Ruminations and recipes from a small kitchen in a big city.

3.2.10

Death of a novelist.

It wasn’t J.D. Salinger’s fault they made The Catcher in the Rye required reading for forty years. He only wrote it. No wonder he refused interviews. They conscripted his novel into a sub-culture.

I had to read it one year in the early 1970s. I didn't like it; but I didn't particularly like anything that year. Alongside Salinger's novel, the jokesters on the curriculum committee at the Education Department had prescribed Albert Camus' nihilistic The Outsider, alarmist jargoneer Alvin Toffler’s Future Shock and a volume of poetry to slash your wrists by, entitled Voices. If you could call it poetry. It was like reading sharp knives. They threw in Eugene O’Neill’s A Long Day’s Journey Into Night for a little light relief; and then they whacked us like a punchdrunk boxer with The Loneliness of the Long Distance Runner, a book so tedious I became one just to escape reading it.

There are always buzzwords and the buzzword that year was alienation. Storylines had characters going off in search of themselves and the plot twist was usually that they didn't succeed. You couldn't see that coming. Fortunately, excelling in the subject was easy. All you had to do was include 'alienation' in one of its noun, adjective or verb forms in every paragraph of your essay, like a bureaucrat putting 'diversity’ and 'outcomes' in every second sentence, and you got a distinction.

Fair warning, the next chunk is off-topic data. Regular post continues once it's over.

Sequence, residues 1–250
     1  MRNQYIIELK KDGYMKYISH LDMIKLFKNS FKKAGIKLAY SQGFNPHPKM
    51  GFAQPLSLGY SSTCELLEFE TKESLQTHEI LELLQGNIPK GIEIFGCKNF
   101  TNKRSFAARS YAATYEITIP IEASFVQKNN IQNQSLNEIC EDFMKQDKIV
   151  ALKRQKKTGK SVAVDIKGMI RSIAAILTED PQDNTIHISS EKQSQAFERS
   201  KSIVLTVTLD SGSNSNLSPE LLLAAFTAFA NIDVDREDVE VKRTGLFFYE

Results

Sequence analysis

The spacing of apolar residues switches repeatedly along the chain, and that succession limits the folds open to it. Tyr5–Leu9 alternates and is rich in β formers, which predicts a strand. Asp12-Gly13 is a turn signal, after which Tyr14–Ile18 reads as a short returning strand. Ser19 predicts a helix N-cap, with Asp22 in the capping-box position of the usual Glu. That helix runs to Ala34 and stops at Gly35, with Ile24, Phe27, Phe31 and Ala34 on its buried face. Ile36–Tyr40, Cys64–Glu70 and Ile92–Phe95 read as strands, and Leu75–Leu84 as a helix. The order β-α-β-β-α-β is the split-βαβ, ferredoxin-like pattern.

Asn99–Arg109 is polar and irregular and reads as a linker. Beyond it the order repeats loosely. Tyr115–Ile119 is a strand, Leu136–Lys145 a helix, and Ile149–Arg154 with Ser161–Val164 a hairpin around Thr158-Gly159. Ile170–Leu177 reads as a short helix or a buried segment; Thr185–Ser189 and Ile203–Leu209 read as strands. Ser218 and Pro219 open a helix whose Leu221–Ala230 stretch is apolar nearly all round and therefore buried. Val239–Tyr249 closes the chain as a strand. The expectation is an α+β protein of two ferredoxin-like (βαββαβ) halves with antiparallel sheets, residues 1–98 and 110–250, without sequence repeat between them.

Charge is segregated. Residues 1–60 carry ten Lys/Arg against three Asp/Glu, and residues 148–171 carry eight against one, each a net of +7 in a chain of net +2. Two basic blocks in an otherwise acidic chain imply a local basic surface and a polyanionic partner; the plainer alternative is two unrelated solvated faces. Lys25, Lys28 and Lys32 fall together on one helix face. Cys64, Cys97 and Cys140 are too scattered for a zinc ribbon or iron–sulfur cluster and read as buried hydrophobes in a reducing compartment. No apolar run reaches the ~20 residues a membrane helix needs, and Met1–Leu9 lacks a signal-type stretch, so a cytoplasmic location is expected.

J. D. Salinger died a week or so ago. I haven’t read his book since that final year of school. Perhaps I should reread it. I’ll bracket it with a Hemingway and a Chandler to give it a fair chance. I wonder what the theme in literature is these days?

8 comments:

A Melbourne Girl said...

Oh KH, I remember some of those awful books....although I did enjoy Catcher and re-read it a few years later. I still have O'Neill's Long days Journey into Boredom and the Pointleseness of the Long Distance Runner. Maybe I should've taken up running but I was too interested in the school musical and the volleyball team.
Lesley

jo said...

He was a family friend, taught my mom to play tennis when she grew up in Cornish/Windsor and was quite well liked by all the local kids. I felt a familial obligation to read it and I couldn't really understand what all the fuss was about.
In fact there weren't too many books I was forced to read that I enjoyed.

Janis Gore said...

Seems odd that Australians were reading Salinger, too.

You got yourselves a big, isolated continent down there with all that "outback" and youngsters were reading Salinger for his expression of alienation?

kitchen hand said...

I like your alternative titles, Lesley!

Jo, all the wrong books were forced on us.

Very odd, indeed, Janis. I had to embark on my own reading journey along with the 'prescribed' works. Generations of children missed the moody flat threatening landscapes of Mavis Thorpe Clark, the bush and outback towns of Ivan Southall, the desert children of Colin Thiele, Alan Marshall's coming-of-age in the Depression novels and much other Australian literature. All lost.

Dr. Alice said...

You know my opinion of Salinger. [g]

I remember reading "Lord of the Flies" in high school and that one didn't thrill me too much, either.

kitchen hand said...

I couldn't get through Lord of the Flies, Dr. A., it bored me to death.

White Dove said...

Don't be too harsh on Salinger KH....he and his ilk may have been the making of you !

kitchen hand said...

Yes, White Dove, you're right; but not so much harsh on Salinger himself as the educationists who prescribed a narrow band of angst-laden literature.